In In re: HP Inkjet Printer Litigation, Case No. C05-3580-JF, 2013 WL 1986396 (9th Cir. May 15, 2013), the Ninth Circuit recently held that attorney fee awards in class settlements involving coupons must be “attributable to” the value of the coupons awarded to class members. How does this holding affect the settlement between Hewlett-Packard and a nationwide class of consumers who purchased certain HP inkjet printers?
This litigation started out as three putative class-action lawsuits (Ciolino v. HP, Rich v. HP, and Blennis v. HP), which were consolidated into one suit (In re: HP Inkjet Printer Litigation). The class alleged that Hewlett-Packard engaged in unfair business practices relating to its inkjet printers’ use of ink cartridges. In August of 2010, more than five years after the first action was filed, the parties agreed to a global settlement. In the settlement, HP agreed to:
- Provide eligible class members with up to $5 million in “e-credits” (coupons) redeemable on HP’s website;
- Make additional disclosures on its website, in its user manuals, or in software interfaces;
- Pay up to $950,000 for class notice and settlement administration costs; and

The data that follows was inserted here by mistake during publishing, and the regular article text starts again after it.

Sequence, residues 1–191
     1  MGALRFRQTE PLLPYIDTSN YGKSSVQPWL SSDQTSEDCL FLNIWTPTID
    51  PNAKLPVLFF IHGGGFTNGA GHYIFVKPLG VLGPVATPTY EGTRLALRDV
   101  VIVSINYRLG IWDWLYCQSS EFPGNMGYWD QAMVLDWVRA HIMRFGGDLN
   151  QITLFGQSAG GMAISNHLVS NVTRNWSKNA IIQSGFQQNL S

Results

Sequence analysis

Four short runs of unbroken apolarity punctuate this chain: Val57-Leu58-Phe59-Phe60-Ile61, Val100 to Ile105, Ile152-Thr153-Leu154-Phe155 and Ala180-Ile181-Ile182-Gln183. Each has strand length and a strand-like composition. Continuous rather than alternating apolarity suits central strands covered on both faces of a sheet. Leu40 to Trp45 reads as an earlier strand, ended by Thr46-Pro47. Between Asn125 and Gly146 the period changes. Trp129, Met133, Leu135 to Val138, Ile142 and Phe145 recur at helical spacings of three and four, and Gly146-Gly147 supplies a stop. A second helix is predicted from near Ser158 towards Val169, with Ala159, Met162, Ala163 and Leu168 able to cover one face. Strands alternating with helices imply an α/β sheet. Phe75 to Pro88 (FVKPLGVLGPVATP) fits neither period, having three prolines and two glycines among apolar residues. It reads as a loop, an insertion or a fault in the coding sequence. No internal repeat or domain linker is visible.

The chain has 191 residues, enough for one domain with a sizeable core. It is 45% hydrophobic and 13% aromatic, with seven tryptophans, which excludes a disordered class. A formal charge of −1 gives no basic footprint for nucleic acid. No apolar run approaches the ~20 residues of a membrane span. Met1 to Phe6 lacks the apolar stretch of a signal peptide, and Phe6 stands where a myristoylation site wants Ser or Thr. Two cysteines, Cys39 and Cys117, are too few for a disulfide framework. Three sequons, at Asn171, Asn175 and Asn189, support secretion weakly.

- Pay up to $2,900,000 in attorneys’ fees and expenses.
Of the millions of potential class members, three filed formal objections to the settlement. The Objectors argued that the settlement was not fair, reasonable, or adequate, as required by CAFA. In layman’s terms, the Objectors were upset that their attorneys were being paid millions, while they got coupons.
The issue on appeal was not whether receiving coupons as compensation was fair, but rather, whether class counsels’ compensation in relation to the value of the coupons was acceptable. Under CAFA, when a settlement provides for coupon relief (either in whole or in part), any attorney’s fee “that is attributable to the award of coupons” must be calculated using the redemption value of the coupons. Here, the district court failed to calculate the redemption value of the coupons. As such, the court awarded compensation that was not “attributable to” the coupon relief. The Ninth Circuit reversed the orders granting settlement approval. The case has been remanded to the district court, which now must recalculate the amount of class counsels’ attorneys’ fees and costs, taking into account the value of the coupons.